The Environmental Protection Agency (EPA) has recently been involved in decisions involving threats to public health and the environment. The federal agency has once again been gaining public attention for recent regulations (or lack thereof) associated with potentially dangerous chemicals found in everyday products.
Following an Obama-era law passed by Congress, the EPA was required to evaluate the health risk of hundreds of potentially toxic chemicals found in products including personal care, cleaning, and beauty products. According to documents that were released recently, the EPA decided to exclude an evaluation of exposure caused by the chemicals’ presence in the air, the ground or water and only evaluate direct contact with a chemical. This means that the improper disposal of chemicals was not a factor in deciding whether to restrict or ban them.
Improperly disposing chemicals can lead to water contamination and puts Americans’ health at risk. The flawed and incomplete analysis by the EPA on toxic and even carcinogenic chemicals has led to a severe lack of regulations on the federal level. Such an absence of restrictions has presented a need for new, strict policy on the evaluation of hazardous chemicals that pose threats to public and environmental health.
Policymakers in New York have worked to implement more strict standards. The NYS Department of Environmental Conservation (DEC) recently announced the implementation of a disclosure program for manufacturers of household cleaning products. NYLCV and its dedicated members played a vital role in filling the need for stringent chemical regulations by raising awareness of the program, activating its members to send letters to the DEC, and by participating in the final round of negotiations. The ingredients that will be disclosed include a number of the same chemicals under-evaluated by the EPA, including the known carcinogen 1,4-dioxane. Furthermore, the state program will ensure the release of study results by manufacturers that demonstrate any environmental or health effects of their cleaning products or ingredients.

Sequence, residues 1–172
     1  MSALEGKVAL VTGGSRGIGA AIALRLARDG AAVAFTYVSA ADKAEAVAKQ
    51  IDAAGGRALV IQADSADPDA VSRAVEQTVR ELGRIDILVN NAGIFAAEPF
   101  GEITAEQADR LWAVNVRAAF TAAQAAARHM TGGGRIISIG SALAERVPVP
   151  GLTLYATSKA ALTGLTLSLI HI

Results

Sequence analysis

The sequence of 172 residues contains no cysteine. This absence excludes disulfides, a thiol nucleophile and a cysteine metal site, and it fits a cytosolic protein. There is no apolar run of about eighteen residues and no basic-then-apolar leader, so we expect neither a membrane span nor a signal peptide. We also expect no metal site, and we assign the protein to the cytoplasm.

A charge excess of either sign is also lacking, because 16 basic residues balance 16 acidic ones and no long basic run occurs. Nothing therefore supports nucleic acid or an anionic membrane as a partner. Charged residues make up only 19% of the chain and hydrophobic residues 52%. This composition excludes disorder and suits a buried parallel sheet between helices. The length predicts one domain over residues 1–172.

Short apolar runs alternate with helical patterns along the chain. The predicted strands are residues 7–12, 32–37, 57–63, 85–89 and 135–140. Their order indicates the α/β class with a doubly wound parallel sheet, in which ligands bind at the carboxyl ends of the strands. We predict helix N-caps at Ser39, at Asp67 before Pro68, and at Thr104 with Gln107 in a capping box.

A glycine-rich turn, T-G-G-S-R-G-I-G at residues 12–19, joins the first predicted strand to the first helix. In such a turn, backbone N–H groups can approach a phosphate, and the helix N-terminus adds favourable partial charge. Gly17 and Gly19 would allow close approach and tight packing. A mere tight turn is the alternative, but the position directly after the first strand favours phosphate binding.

These strict standards in New York provide a model for other state and federal regulations on disclosure of chemicals in cleaning products and their potential effects.
However, establishing new state legislation to compensate for federal inaction cannot stop here. There is still work to be done to protect our environment and health. Disclosure programs for chemicals in personal care, beauty, and children’s’ products have still not passed through the state legislature, including the Toxic Show and Tell bill (S. 6034-A/A. 7950-A). The passage of this bill along with other pieces of legislation to monitor hazardous chemicals is urgent to ensure a clean and healthy New York.